Wednesday, July 13, 2005

The Vanity Project

This past Saturday, on the day that we were expecting a few people over to celebrate Alexander's first birthday, I had an errand to run at the Mountain Plaza Mall, which is just around the corner. Well, wouldn't you know it, but they were running their "most beautiful baby" contest that day, and the winner received a $75 gift certificate to be used at any store in the mall. Francine and I thought that we might as well exploit Alexander's cute charm for money (after all, doesn't every parent think that their baby is the most beautiful one?) and so I planned on entering him in the contest when we got there.

As we approached the area of the mall where the contest was being held, I was suprised to see a rather large line up. Then it struck me -- of course, every parent thinks that their baby is the most beautiful (though they're wrong, of course, because our baby happens to be the most beautiful). So it made sense there were a lot of people here.

Finding the end of the line proved to be rather challenging. It snaked down to the end of one entire "wing" of the mall, then looped back almost to the beginning. As Alexander and I got in line (finally), a baby held in the arms of a daddy in front of me made googly eyes at me and flashed a rather charming smile. My vanity wavered a bit. Wait a second, this kid smiling at me was rather cute.

I started looking around at the other kids. After all -- and this may sound mean -- in my travels I've seen plenty of not so attractive looking kids. Not necessarily kids whose pictures you'd put in the attic to scare away mice, but kids whose looks weren't all that pleasing on the eye. But most of the little people in the vicinity were quite cute, charming, some were even delightful and beautiful. And even the children who didn't knock you over with striking conventional good looks still warmed my heart. Just looking at a child, I discovered, any child, was a marvel in and of itself. There was no such thing as a child or baby that wasn't beautiful. Every single smile I saw, every single yawn or even cry, was the unfettered, untarnished splendour of the innocent child. Wow. This might change my view -- perhaps my baby wasn't the world's most beautiful after all. Perhaps that's just a vain parent's perception. All babies are beautiful creatures. I was suddenly free from my previous narrow viewpoint. Wow.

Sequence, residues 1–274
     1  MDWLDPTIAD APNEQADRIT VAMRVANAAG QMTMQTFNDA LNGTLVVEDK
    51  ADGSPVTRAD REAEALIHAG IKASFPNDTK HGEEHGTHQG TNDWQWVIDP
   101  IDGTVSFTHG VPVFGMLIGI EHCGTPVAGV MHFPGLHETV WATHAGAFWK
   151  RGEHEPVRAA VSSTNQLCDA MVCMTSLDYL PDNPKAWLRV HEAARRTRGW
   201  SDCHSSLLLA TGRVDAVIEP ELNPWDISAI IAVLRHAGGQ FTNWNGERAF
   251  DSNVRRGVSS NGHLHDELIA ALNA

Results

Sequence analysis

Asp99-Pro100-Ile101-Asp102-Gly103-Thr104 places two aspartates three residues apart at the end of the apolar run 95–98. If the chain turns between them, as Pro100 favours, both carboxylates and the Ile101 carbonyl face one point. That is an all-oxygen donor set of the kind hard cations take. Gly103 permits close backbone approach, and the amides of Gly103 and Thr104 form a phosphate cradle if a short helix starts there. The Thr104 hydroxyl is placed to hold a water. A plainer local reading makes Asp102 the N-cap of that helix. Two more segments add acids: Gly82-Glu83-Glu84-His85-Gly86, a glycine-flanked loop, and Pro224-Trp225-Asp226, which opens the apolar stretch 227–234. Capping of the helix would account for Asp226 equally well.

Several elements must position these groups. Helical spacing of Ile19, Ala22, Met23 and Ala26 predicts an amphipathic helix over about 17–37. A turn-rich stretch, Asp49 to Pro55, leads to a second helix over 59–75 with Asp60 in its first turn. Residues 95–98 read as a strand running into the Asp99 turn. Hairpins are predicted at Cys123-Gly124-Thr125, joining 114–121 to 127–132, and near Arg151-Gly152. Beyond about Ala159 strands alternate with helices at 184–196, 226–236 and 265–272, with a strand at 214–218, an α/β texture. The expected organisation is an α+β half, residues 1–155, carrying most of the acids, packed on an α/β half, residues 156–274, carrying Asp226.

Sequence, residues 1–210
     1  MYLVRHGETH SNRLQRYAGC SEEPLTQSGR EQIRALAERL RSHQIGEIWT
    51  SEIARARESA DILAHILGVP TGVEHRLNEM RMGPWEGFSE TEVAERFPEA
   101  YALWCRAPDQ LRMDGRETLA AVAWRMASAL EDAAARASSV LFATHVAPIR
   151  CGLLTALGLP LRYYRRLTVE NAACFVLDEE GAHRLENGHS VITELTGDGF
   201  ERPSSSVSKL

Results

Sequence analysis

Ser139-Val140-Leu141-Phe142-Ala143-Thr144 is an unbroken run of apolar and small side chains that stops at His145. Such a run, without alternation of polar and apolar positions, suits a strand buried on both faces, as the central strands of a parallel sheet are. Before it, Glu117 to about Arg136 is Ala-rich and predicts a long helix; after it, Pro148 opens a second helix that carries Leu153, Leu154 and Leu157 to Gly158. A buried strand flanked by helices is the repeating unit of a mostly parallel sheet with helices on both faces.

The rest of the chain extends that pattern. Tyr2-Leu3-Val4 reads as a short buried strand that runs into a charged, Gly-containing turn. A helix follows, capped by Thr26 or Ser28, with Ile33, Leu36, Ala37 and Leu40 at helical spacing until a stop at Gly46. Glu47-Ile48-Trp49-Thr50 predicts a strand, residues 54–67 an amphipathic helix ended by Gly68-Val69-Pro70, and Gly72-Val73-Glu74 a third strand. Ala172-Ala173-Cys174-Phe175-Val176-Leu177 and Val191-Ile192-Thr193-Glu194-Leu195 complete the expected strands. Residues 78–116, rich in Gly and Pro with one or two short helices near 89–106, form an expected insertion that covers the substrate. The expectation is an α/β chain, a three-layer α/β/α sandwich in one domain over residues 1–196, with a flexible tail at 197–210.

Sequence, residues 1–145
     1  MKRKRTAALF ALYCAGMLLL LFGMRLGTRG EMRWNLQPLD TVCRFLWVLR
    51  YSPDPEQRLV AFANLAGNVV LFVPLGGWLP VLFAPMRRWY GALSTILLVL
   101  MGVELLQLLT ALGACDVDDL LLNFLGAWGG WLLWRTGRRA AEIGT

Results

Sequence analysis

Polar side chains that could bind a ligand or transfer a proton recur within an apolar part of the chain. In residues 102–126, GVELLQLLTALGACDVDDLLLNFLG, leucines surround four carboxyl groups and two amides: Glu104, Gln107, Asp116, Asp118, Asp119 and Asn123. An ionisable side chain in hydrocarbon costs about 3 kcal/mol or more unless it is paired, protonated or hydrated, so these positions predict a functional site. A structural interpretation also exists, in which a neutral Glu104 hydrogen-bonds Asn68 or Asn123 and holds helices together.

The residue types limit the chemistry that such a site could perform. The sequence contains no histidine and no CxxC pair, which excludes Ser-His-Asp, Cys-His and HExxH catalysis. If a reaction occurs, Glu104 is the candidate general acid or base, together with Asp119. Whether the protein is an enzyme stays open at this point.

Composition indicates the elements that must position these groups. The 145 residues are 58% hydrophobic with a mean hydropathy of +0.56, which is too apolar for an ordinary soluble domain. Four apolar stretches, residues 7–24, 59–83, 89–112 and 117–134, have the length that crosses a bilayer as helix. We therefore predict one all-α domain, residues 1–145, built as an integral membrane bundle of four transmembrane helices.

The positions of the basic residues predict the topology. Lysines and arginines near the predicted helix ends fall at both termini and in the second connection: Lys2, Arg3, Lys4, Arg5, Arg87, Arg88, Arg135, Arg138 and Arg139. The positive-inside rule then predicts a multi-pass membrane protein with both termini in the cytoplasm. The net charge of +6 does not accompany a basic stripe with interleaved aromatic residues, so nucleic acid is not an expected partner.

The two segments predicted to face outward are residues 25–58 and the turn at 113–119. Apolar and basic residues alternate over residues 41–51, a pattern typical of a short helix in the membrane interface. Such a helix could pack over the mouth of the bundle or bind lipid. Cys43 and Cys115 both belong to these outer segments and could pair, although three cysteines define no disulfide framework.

The line moved slowly. After about 15 minutes, we'd moved about ten feet. Should I stick this out? Alexander's afternoon nap was looming and since we'd be having company for his birthday party, we thought it'd be a good idea that he actually got some rest. I called Fran. She reminded me about the deadlines we had and told me to use my judgement. After another five minutes, when Alexander started rubbing his eyes (one of his more obvious signs that he's getting tired), I decided to skip out.

It was a liberating feeling. Suddenly, I could see this line for what it truly was. An exercise in parental vanity. (Sour grapes works like that, no?) All these poor parents, trapped in the belief that their child was the most pleasing on the eye. We strolled past the line, heads high, smiling at each other, both of us drooling a little, (he from his teething, me, thinking about grabbing a bite to eat at McDonalds) and then I suddenly lost my moment of clarity, because here's what I said to Alexander:

"We're dropping out so we can let some other baby win." And in the back of my mind I was already thinking of other ways to exploit my son's looks. Surely, as the mirror at home would confirm for us when we asked it, he was the "fairest of them all." Maybe we count enter him in a "Canadian Baby Idol" reality TV show or something like that . . .

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